Do Medical Devices Need 802.11n?

802.11n-radio

Because it promises throughput as much as 10 times greater than that available with current Wi-Fi® standards, the forthcoming IEEE 802.11n standard is generating tremendous interest among users of wireless LAN (WLAN) products. 802.11n throughput rivals that of Ethernet, and so availability of 802.11n may cause some organizations to use WLANs as the primary means of network access for typical computer users.

Although the 802.11n standard will not be finalized and ratified until 2009, it is easy to find laptops, home routers, and other products with radios that are based on a draft of the standard. The Wi-Fi Alliance, an industry association, is performing product interoperability testing and certification based on the draft standard. Should makers of medical devices be racing to add 802.11n to their devices?

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Potential Interference for MIMO Wi-Fi?

It seems that the Boston Globe is spreading inaccurate info on MIMO (multiple input/output) technology. This from the Boston Globe:

Another caution: avoid MIMO routers. These Multi Input, Multi Output gadgets achieve excellent signal quality and range by hogging the wireless spectrum up to 219 yards away. If you live in the city or suburbs, your MIMO router will knock out your wireless-enabled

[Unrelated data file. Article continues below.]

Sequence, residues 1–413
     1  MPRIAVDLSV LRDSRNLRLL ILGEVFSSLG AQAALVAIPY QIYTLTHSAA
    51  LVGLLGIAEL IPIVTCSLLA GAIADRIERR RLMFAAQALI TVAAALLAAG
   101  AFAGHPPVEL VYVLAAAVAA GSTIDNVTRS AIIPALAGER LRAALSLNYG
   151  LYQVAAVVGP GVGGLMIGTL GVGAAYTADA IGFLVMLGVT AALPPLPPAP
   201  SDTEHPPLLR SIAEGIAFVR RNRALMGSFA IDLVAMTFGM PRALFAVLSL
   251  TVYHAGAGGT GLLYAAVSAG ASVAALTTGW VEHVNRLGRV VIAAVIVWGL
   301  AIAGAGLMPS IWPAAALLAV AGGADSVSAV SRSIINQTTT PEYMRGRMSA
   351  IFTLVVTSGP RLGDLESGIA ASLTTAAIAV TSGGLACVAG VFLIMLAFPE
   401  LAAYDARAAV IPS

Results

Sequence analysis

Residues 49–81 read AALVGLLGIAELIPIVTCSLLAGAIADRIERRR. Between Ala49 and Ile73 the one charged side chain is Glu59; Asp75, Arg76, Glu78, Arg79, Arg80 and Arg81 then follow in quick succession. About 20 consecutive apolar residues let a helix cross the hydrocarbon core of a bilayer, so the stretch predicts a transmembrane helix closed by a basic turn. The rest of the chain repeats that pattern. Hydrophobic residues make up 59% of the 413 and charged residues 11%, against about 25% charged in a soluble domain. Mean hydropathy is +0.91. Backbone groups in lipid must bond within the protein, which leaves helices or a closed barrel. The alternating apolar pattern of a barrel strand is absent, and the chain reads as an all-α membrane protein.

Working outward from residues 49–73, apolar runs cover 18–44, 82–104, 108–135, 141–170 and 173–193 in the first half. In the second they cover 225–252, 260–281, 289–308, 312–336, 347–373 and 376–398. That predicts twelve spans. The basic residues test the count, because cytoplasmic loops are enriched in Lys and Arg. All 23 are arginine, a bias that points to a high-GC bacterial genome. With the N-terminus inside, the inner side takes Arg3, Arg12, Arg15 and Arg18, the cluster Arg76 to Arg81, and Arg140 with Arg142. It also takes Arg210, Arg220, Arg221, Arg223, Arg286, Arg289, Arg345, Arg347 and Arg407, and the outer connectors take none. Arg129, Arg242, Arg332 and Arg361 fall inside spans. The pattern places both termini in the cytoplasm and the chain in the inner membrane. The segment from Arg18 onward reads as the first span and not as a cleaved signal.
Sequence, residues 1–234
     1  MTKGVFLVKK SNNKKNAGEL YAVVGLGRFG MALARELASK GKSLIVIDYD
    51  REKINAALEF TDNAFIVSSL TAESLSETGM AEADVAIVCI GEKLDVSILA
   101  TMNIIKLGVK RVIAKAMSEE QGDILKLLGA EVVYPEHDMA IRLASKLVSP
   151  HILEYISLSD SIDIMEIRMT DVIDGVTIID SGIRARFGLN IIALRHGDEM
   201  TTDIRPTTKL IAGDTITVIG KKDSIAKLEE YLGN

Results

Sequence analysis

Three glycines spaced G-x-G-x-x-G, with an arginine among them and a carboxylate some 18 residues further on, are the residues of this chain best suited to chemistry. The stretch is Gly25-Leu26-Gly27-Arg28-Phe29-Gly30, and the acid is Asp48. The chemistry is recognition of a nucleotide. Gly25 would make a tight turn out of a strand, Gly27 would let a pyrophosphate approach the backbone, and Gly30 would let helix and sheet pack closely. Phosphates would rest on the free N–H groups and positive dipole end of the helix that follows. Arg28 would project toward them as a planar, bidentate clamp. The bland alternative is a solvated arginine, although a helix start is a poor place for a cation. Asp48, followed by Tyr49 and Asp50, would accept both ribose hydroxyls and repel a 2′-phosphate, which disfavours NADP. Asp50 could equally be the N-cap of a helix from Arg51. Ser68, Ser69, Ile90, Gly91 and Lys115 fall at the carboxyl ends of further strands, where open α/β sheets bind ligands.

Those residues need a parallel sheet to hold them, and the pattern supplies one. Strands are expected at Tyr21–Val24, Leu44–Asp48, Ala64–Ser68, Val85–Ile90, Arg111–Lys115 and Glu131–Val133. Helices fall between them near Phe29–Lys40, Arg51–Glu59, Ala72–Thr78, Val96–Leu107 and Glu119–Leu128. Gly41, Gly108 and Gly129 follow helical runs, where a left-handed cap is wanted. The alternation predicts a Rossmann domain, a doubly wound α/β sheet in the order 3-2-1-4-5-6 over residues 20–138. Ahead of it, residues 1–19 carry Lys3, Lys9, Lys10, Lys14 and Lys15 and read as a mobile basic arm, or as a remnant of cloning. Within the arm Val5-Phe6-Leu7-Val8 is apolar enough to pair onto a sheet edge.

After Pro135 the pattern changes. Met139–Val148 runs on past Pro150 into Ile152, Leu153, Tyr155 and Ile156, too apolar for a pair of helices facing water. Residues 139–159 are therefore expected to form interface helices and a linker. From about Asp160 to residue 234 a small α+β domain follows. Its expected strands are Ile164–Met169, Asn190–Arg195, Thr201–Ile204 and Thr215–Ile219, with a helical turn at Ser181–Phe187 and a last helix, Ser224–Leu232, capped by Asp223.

neighbors’ connections.

And if your neighbors also have MIMO, you’ll all lose your connections. MIMO also won’t work with those free Wi-Fi hotspots that are popping up in increasing numbers of cafes and libraries.

And this is the reply from Glenn Fleishman, blogger at Wi-Fi Net News:

“Less Is More” (Apr. 9, 2005) contains a glaring error regarding multiple antenna wireless networking. The reporter says that MIMO (multiple not “multi” input/output) gateways hog spectrum and knock out neighbors’ reception. This is entirely untrue. MIMO gateways for Wi-Fi, unlike previous range-extending Wi-Fi, are more sensitive receivers not more powerful transmitters.

There’s more if you want all the technical details. It does seem that MIMO and/or 802.11n could become a source of coexistence and interference concerns, if not actual problems.

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